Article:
When managing your brand’s social media, it’s easy to get swept up in the latest trends or to completely avoid them altogether. But as in all things marketing, it’s important to remain true to your brand foundation and to maintain authenticity. So how do you make the most of your social media channels without feeling like you’re burning the candle at both ends? Try out these tips for creating content for your brand’s social media.
If part of your brand philosophy is to give back to the community through charitable work, then participation in trends like the famous Ice Bucket Challenge is probably right up your alley. Additionally, video continues to rank well among users on all platforms for engagement. So it would make sense to capitalize on this trend by creating and sharing more video content if you have it. Adding drone footage to your next photoshoot could give you some great video content that’s sharable on multiple platforms.
Not every trend is for you. If your target audience is in the top 25% of household income, ages 40-55, they’re probably not going to choose your company based on how well your staff can do the latest TikTok dance. Go where your target audience is and appeal to them with brand messaging that speaks to your authority as a guide.
A great brand is only so good as the people behind it. We all know that people buy from people, and by showing the people behind your brand, you are showing that more human side to your audience. It’s also proven that people respond positively to images of people more than products on social media. So by showing the people behind your brand, whether that’s customers or staff, you’re still marketing your brand, but in less of a sales pitch and more of a personal and aspirational way.
If you’re ever featuring anyone, whether it’s a client or staff member, make sure that you have their express consent to share their story and likeness. Many companies include a social media waiver in their employment contracts now, and it’s important to take note of anyone who may have opted out of being pictured. As privacy concerns continue to grow, it is far better to ask permission prior to posting than to seek forgiveness after the fact.
By posting on a planned, consistent schedule, you can get the almighty algorithm on your side. But make sure you create a schedule that’s attainable and not overwhelming. Gone are the days of needing to post every 3 hours to stay relevant. Today’s users are looking for content that resonates with them and provides value. If you have enough content to consistently post 3 times a week, then that’s your schedule. But don’t set and schedule and then try to fill it with content that you don’t have.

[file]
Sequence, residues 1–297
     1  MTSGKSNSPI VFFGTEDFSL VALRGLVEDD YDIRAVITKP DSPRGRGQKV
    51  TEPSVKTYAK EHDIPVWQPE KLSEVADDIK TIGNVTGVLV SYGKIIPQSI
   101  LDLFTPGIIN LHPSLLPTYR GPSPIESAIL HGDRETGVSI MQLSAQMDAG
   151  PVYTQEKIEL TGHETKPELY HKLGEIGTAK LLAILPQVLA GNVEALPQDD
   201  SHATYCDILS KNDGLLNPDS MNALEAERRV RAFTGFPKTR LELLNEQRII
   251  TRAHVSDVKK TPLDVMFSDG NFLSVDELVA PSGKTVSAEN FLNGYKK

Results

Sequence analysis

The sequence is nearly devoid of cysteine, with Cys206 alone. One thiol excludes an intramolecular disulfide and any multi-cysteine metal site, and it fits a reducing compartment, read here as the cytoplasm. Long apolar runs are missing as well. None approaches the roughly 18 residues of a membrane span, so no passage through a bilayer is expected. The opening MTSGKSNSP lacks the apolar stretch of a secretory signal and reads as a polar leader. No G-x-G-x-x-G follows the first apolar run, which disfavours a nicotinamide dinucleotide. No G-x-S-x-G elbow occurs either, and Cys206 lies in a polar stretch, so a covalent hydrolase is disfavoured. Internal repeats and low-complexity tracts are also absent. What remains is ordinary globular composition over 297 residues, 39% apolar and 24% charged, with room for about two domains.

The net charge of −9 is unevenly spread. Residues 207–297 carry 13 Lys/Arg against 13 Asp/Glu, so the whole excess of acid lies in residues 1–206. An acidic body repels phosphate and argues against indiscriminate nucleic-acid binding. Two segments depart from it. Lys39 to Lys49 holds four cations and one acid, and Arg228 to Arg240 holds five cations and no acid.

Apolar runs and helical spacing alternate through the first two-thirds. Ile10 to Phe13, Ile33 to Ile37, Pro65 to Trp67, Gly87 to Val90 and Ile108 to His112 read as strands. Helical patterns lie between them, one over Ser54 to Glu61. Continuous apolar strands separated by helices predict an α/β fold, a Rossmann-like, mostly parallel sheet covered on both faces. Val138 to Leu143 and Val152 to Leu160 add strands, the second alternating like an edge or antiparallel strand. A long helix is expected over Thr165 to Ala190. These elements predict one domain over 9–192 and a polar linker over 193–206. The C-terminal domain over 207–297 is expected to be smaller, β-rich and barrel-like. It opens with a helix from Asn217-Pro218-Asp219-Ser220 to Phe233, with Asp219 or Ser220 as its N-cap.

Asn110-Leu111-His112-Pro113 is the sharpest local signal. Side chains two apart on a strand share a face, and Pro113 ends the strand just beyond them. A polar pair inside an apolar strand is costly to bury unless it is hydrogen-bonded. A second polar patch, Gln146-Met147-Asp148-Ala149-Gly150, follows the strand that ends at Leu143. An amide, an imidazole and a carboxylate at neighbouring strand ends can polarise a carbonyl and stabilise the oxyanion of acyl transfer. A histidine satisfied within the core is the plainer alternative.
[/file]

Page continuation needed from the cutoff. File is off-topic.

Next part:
While consistency is important, quality content is far more engaging and therefore more successful on social media. Find out what your audience wants to hear about. Do they like staff profiles? Are they wowed by videos of your latest projects? Is education the key to getting them in the door? Once you’ve determined what your audience finds valuable, it’s much easier to create and curate content that meets their needs.
Social media is a powerful tool for helping to refine your brand’s image and reputation. It’s a great way to connect with your customers and prospective clients. And for many users, it’s one of the first places they look for your brand, often even before viewing your website. It’s the place to post updates and show that your brand is active and engaged. Leverage your social media presence to your advantage and think of it as an extension of your customer service department. Care for your audience, let them know what’s new with your brand but don’t try to sell them anything here. That’s not what they’re looking for on social media.
Many business owners recall the “good old days” of social media when you could write up a quick promotional post on Facebook, boost it for $5, and get at least 5 new qualified customers from it. But the platforms have changed and become more crowded as more businesses have entered the space and cluttered the landscape with a barrage of promotional posts labeled as organic content. Users are constantly bombarded with sales language on the platforms and have expressed their unhappiness with it. In response, the platforms have chosen to downgrade posts with promotional language and to encourage brands to produce content that starts conversations among their audience. Organic social media is not where sales are made, but where lasting customer relationships are built.
If you’re struggling with your social media strategy, we can help. Our social media team is here to coach you through the right content for your brand and how to create a posting schedule that works for you. Contact email@example.com to get started.
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